I think a lot of achievement comes mostly from a mixture of curiosity and stubbornness, taken in high doses. One of the ways that I see people cultivate innovation, probably more than anything else, is they keeping asking themselves, “oh, do you think I can…” and then they follow the question past the point when most others would give up. In a close second place is the question, “what happens if I…” followed by something silly.
What generally happens when people start learning a new game or system is they start practicing the things that they think are “right.” You look up a list of combos and you drill them, you ask “does this move win here,” "should I win this matchup," whatever. You seek out known information. That’s a great starting point, because if somebody has done a ton of work for you, it can be grueling and annoying to retread examined ground. Why spend a year developing combos that you could have just Googled? You could be spending your time on something else.
There is a value in developing your own stuff, because it encourages you to push your limits. Where many people falter is, having learned the “right way” to do things, they stop thinking. They automate, they wait for somebody to show them a new “right way.” As a result, they’re heavily limited by the community around them. The people that keep getting better regardless, the ones that learn and innovate and do crazy new stuff, are the ones that keep testing limits. They keep seeing what stuff they can get away with. From “can I get this special move to link into this one?” to “will this move beat another one in this scenario” to “can I whiff this move and mash out my super to bait them?” You just ask. You often get no, but then the no tells you something new as well. Other people’s information is like having numbers filled in on a Sudoku board for free, and it leads you to success if you keep pushing. Otherwise, you just have a mostly filled-in board and a confused look on your face.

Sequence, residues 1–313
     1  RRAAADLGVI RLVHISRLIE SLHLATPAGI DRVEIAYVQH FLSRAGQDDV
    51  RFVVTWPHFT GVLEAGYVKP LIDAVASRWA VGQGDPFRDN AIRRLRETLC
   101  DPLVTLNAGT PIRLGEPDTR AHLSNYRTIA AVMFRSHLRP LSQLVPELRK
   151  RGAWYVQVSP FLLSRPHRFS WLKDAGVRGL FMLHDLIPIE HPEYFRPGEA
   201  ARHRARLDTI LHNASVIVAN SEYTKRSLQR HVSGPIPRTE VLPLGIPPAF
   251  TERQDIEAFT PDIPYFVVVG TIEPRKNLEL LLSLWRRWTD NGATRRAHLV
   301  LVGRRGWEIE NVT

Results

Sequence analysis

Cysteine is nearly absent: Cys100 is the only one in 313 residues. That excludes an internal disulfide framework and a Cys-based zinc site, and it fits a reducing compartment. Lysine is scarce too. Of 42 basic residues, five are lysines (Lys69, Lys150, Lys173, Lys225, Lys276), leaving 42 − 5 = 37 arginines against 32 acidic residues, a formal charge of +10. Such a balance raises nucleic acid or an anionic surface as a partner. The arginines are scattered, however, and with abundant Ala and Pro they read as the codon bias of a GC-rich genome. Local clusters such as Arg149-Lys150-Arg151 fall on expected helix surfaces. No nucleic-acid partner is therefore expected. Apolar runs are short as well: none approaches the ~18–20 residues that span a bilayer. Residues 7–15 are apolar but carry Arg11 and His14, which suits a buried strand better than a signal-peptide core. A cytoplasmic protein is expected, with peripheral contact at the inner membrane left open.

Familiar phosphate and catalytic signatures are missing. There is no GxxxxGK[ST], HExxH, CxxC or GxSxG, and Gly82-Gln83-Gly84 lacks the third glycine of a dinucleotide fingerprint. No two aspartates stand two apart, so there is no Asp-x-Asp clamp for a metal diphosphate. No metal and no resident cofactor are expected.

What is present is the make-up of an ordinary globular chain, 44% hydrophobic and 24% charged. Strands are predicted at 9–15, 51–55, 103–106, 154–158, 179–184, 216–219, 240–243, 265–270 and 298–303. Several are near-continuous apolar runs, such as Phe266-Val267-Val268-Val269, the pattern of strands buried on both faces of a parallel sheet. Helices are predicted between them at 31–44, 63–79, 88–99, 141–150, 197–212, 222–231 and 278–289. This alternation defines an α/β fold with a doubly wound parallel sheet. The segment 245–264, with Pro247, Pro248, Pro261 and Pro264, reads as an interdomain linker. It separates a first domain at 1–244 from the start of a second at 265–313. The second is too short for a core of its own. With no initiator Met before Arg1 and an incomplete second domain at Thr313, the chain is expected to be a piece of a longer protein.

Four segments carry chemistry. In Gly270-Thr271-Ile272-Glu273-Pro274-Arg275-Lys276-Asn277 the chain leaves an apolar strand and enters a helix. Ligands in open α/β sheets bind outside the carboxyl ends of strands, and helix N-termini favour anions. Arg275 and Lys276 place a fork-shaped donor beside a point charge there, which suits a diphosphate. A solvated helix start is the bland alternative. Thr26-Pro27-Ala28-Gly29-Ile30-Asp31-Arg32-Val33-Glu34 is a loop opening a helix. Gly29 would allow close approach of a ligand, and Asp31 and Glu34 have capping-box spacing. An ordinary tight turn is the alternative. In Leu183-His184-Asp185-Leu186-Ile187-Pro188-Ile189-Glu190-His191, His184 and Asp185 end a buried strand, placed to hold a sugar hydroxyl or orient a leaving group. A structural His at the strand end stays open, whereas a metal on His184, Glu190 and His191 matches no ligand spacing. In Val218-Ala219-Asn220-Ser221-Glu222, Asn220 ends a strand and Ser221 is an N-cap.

You don’t have to settle for this attitude with regards to just game-mechanics. You can treat yourself as a continually expandable frontier. See if you’re able to predict what the other person does 100% of the time. See if you are able to stall or run away forever, see if you can dodge attacks by a tiny hair with consistency. See what kind of goofy stuff you can do. Ask yourself lots of silly questions and try to learn ridiculously difficult skills to see if you can. The end result is rarely “I got nothing out of it.” You almost always find something as a result.
It’s not just an issue of being of innately, magically creative. I know a lot of people who think that I am creative, when most of what I do is generate stupid ideas, and eventually I get ones that work. If you want to be innovative, just keeping asking dumb questions until one of them gives you a smart answer.
Because even if the answer to “can I?” or “will this work?” is “no,” sometimes it has a “but you can do this…” attached to it. Finding those is just as exciting, and it’s as much a point of the exercise as being right from the start.
Thanks for reading.